When the communication begins, TCP takes the sender’s messages and chops them into packets. To protect messages’ integrity, TCP numbers every packet. Then packets are ready to go to the IP layer for being transported. They will be dispatched to travel around different routers and gateways of the network to reach their destination. No matter all the packets are part of the same message, they can have different routes to arrive at the same destination.
Once they all hit their destination, TCP proceeds to re-build the message by putting all their pieces (packets) together again to make a proper delivery.
This ideal scenario can be affected if networks face issues. Data packets could get lost in transit, duplicated, or disordered. The advantage is TCP’s functionality can detect such problems and fix them. The protocol can ask the lost packets to be re-sent to organize them again in the correct order. In case messages can’t be delivered, this is reported to the sender (source).
As you see, the Internet is a packet-switched network. All data are chopped into packets that are dispatched through lots of different routes simultaneously. When they finally hit their destination, they get re-built by TCP. And IP is in charge of the packets to be sent to the correct destination.
TCP/IP’s most updated model includes the following five layers. All collaborate for the same purpose, the transmission of data.
- Application layer. This is the top layer, and it supplies an interface for applications and network services to communicate. It identifies participants involved in a communication, defines the access to the network’s resources, and the rules for application protocols and transport services interaction.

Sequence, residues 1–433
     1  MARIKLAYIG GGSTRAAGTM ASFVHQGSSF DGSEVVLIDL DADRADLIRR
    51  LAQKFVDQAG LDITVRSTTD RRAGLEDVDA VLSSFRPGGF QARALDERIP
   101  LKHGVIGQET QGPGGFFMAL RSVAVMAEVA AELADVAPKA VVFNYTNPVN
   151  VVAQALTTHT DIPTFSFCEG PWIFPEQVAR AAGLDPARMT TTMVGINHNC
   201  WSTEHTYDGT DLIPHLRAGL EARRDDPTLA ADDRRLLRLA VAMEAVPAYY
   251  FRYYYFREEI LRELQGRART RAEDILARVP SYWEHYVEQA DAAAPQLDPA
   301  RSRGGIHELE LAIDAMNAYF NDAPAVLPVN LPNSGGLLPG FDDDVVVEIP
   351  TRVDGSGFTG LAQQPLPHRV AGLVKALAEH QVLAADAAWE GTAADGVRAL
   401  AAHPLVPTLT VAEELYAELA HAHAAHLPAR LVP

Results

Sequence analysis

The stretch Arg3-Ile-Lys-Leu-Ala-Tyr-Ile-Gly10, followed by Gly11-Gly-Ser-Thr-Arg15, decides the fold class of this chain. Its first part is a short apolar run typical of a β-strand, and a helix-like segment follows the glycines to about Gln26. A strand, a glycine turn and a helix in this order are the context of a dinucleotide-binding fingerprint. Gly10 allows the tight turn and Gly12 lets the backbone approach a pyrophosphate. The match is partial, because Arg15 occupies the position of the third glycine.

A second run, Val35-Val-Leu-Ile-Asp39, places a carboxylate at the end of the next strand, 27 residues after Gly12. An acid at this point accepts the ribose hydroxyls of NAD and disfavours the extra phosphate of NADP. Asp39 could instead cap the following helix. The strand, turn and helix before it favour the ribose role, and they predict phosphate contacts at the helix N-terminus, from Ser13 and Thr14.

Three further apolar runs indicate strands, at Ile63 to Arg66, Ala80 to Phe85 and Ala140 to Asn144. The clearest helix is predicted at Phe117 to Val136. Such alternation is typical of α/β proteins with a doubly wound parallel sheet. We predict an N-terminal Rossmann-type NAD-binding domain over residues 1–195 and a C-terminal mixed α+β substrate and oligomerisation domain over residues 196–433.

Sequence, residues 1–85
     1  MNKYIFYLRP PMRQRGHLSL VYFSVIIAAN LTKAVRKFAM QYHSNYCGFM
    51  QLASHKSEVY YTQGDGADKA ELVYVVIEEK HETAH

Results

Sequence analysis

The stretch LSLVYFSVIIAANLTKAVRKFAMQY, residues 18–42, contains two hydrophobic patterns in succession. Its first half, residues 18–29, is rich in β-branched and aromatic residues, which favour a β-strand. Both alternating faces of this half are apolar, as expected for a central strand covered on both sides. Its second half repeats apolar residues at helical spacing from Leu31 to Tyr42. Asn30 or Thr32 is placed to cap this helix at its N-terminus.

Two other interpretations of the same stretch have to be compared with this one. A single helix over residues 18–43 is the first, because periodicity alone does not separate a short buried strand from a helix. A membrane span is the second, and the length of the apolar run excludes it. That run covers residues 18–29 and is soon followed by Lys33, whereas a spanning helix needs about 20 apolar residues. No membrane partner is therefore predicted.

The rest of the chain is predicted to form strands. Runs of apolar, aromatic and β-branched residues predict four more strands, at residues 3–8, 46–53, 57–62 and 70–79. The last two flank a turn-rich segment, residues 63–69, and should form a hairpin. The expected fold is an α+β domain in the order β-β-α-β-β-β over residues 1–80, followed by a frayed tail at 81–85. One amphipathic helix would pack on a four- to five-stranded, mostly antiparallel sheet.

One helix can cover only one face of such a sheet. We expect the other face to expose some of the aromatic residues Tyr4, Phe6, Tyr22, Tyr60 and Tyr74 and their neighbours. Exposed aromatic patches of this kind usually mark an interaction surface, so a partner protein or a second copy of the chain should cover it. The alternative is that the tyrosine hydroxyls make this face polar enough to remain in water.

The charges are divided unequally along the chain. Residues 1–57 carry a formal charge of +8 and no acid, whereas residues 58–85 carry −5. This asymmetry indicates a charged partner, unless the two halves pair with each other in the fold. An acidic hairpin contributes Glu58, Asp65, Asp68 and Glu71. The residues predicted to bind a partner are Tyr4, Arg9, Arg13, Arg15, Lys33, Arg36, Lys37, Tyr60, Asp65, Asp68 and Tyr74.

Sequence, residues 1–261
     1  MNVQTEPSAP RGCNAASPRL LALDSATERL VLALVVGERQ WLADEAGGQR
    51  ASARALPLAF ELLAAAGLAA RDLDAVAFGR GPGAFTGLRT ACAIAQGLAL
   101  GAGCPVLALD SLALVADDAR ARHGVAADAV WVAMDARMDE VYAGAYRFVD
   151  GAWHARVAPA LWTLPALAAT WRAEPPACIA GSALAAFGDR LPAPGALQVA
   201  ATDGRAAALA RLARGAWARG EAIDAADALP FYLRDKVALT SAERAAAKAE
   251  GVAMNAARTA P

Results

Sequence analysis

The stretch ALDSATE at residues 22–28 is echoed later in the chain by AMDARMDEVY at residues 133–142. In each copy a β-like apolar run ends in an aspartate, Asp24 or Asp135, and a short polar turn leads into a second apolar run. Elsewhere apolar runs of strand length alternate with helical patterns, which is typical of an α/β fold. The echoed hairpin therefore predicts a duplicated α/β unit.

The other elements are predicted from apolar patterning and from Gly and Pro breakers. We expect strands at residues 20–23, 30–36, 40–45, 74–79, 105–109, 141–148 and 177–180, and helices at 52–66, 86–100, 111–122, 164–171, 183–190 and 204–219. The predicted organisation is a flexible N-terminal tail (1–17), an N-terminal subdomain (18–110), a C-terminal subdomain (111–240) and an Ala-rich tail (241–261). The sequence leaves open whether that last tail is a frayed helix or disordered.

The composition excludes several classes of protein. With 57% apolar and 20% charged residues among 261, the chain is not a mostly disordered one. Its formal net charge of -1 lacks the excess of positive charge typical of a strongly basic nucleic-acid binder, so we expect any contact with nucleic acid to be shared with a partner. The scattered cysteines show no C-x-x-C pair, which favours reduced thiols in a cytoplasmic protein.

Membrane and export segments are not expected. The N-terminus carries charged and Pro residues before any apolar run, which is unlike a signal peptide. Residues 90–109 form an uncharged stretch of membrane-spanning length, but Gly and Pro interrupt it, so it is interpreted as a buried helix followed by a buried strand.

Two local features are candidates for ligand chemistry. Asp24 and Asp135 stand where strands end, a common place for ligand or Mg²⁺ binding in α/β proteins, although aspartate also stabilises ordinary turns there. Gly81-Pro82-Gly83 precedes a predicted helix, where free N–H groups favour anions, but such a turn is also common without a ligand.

- Transport layer. It defines the amount of data and the rate for transporting data correctly. It receives messages from the application layer, divides them into pieces, transports them, re-builds them following the proper sequence, and solves possible issues to guarantee their integrity and proper delivery. TCP operates in this layer.
- Network layer. It attaches the corresponding IP address (source/destination) to every data packet and routes all of them to move them across a network or different networks. Here IP protocol operates.
- Datalink layer. It identifies the correct source and destination through the use of MAC (media access control) addresses to transfer the packets.
- Physical layer. It sends computer bits from a computer to another on the network. It sends data physically via radio waves, optically or electrically.
Advantages of TCP/IP
- It allows connecting different kinds of devices.
- It makes possible cross-platform communications among diverse networks.
- It supports different protocols for routing.
- It offers high possibilities of scalability. You can add networks without causing trouble.
- It supplies IP addresses to devices for identifying them.
- It’s independent of the operating system.
- It’s an open protocol. No one owns it. Everybody can use it.
Disadvantages of TCP/IP
- To replace protocols on TCP/IP is not simple.